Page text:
They are liquid at room temperature and are believed to be the healthiest of fat. Monounsaturated fatty acids are known to reduce the level of low-density lipoproteins (LDLs or the "bad" cholesterol) and increase the level of high-density lipoproteins (HDLs or the "good" cholesterol). HDL cholesterol helps carry plaques away from the arterial wall to the liver and subsequently removed from the body. They also remove cholesterol from the blood by transferring it to body tissues where it is used to make hormones and other substances the body needs.

Oils with the highest percentage of monounsaturated fats include olive oil (70%), canola oil (57%), peanut oil (48%), palm oil (42), and almonds (35%). Olive oil that is labeled "extra virgin" is made without heat or solvents and usually from the first pressing of the olives. Olive oil is also ideal for use as cooking oil as it has the highest oxidation threshold. This means that olive oil remains stable at higher temperatures and doesn’t easily become hydrogenated or saturated.

Polyunsaturated Fats

These fatty acids are liquid at room temperature and are considered more healthful than saturated fats. Polyunsaturated fats also lower the level of bad cholesterol (LDL) but if consumed in excess can also lower the good cholesterol high-density lipoprotein (HDL). Vegetable oils such as Safflower oil (72%), sunflower oil (63%), corn oil (58%), Soybean oil (57%), and cottonseed oil (48%) are high in polyunsaturated fat. They are also very sensitive to heat and light and they also oxidize readily making them susceptible to rancidity.

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Essential Fatty Acids

Essential fatty acids (EFAs) are polyunsaturated dietary fats which cannot be manufactured by the body and must therefore be obtained from diet. Essential fatty acids are divided into two groups, linolenic acid (Omega-6s) and alpha-linolenic acid (Omega-3s).

Omega-3

Omega-3 fats are found in higher concentration in flaxseed or linseed oil, walnut oil, and canola or rapeseed oil. They are known to reduce blood pressure and triglyceride levels – results believed to be due to their anti-clotting effect.

Omega-6

Vegetable oils such as sunflower, corn, safflower, primrose, cottonseed, canola, and soya oil are the most concentrated sources of omega-6 fatty acids in diets. Omega-6 fatty acids have been shown to have a lowering effect on both LDL and HDL cholesterol.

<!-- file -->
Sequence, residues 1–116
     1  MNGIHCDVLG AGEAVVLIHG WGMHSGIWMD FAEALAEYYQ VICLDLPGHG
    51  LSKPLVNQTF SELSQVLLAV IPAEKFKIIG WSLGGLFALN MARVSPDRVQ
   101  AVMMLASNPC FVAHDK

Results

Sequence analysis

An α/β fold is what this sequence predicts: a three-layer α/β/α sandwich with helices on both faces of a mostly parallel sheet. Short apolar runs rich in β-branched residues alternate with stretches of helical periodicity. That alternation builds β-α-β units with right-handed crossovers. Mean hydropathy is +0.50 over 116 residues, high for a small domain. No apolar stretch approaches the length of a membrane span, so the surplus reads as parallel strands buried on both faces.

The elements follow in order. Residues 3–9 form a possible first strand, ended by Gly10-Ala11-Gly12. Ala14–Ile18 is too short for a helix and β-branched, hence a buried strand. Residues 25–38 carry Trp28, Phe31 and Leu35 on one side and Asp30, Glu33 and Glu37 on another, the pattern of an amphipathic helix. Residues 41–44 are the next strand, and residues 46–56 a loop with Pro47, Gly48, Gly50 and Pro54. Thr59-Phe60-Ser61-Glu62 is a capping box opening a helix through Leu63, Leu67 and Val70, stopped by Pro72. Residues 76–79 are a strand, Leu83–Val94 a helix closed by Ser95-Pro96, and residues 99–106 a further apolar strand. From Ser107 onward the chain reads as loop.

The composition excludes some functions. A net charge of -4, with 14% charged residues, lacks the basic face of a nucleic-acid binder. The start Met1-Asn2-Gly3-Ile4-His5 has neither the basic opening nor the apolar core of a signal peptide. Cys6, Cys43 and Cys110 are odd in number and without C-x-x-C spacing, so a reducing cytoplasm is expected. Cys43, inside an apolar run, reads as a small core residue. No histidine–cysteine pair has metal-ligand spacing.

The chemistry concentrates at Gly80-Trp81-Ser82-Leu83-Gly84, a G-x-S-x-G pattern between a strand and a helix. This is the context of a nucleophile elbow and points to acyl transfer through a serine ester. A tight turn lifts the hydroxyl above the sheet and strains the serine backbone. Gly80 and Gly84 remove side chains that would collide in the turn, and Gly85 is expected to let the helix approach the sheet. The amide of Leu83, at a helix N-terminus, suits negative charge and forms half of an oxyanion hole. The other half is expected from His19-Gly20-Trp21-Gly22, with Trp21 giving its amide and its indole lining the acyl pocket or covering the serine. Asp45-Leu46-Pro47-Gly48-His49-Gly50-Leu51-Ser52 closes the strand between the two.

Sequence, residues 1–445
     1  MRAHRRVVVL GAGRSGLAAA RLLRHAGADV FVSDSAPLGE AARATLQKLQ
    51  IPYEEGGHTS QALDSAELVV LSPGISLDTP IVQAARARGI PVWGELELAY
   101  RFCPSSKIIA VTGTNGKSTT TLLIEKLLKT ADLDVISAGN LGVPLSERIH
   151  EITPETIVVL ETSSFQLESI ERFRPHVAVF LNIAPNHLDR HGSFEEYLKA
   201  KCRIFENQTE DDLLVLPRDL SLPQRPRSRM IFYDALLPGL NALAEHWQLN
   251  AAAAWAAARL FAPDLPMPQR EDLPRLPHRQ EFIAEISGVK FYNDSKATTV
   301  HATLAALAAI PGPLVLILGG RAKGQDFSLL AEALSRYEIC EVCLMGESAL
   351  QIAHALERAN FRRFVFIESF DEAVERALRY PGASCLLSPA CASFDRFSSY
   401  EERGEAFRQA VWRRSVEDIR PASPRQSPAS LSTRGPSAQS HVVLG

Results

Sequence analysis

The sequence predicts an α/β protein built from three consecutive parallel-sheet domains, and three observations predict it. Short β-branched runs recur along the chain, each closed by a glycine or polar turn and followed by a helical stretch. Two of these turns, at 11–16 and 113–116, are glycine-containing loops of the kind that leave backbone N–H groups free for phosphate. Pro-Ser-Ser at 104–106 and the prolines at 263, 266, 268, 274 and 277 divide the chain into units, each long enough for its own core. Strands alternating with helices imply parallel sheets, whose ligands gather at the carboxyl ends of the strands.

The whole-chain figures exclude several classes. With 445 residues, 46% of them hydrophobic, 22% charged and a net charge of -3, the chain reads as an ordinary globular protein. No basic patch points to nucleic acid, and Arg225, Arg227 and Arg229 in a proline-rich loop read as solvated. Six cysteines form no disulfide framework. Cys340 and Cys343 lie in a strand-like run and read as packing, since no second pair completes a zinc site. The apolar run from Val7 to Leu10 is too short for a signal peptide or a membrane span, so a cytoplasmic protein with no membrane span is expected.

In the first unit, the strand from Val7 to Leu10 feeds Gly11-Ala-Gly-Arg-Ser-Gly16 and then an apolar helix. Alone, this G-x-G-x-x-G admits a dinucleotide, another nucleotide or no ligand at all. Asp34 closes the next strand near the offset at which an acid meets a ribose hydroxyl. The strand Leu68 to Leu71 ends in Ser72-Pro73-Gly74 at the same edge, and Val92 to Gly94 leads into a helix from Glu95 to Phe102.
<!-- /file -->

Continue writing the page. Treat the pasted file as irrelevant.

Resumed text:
Consuming too much omega-6 in the form of refined vegetable oils reduces the amount of available omega-3 fatty acids thus creating a perfect environment for inflammation. It is believed that the typical western diet has too much of omega-6 which compete with the more beneficial omega-3, therefore it is recommended that the omega-6 to omega-3 ratio be reduced to 4:1.

Trans Fatty Acids

These are considered the “bad boys” of the fat family. The majority of trans fatty acids in diet are created by hydrogenation – a process whereby monounsaturated or polyunsaturated fatty acids which are liquid at room temperature are treated to make them solid and more stable at room temperature. The hydrogenation process extends the shell life so the oil can be used repeatedly. While hydrogenation does not make the fat completely saturated, it however makes the fat behave more like saturated fat.

A lot of snacks such as donuts, French fries, muffins, cookies, croissants, pastries, chips and a whole host of others are typically high in trans fatty acids. Nearly all fried or commercially baked goods have some trans fats which at times may be as high as 45-50% of their fat composition.

Trans fatty acids also occur naturally in small amounts in lamb, beef, milk, and cheese as they are created in the rumen of cows and sheep. These fatty acids have also been associated with an increased risk of coronary artery disease. Trans fatty acids raise total blood cholesterol levels and like saturated fats raises LDL ("bad") cholesterol levels and reduces HDL ("good") cholesterol levels.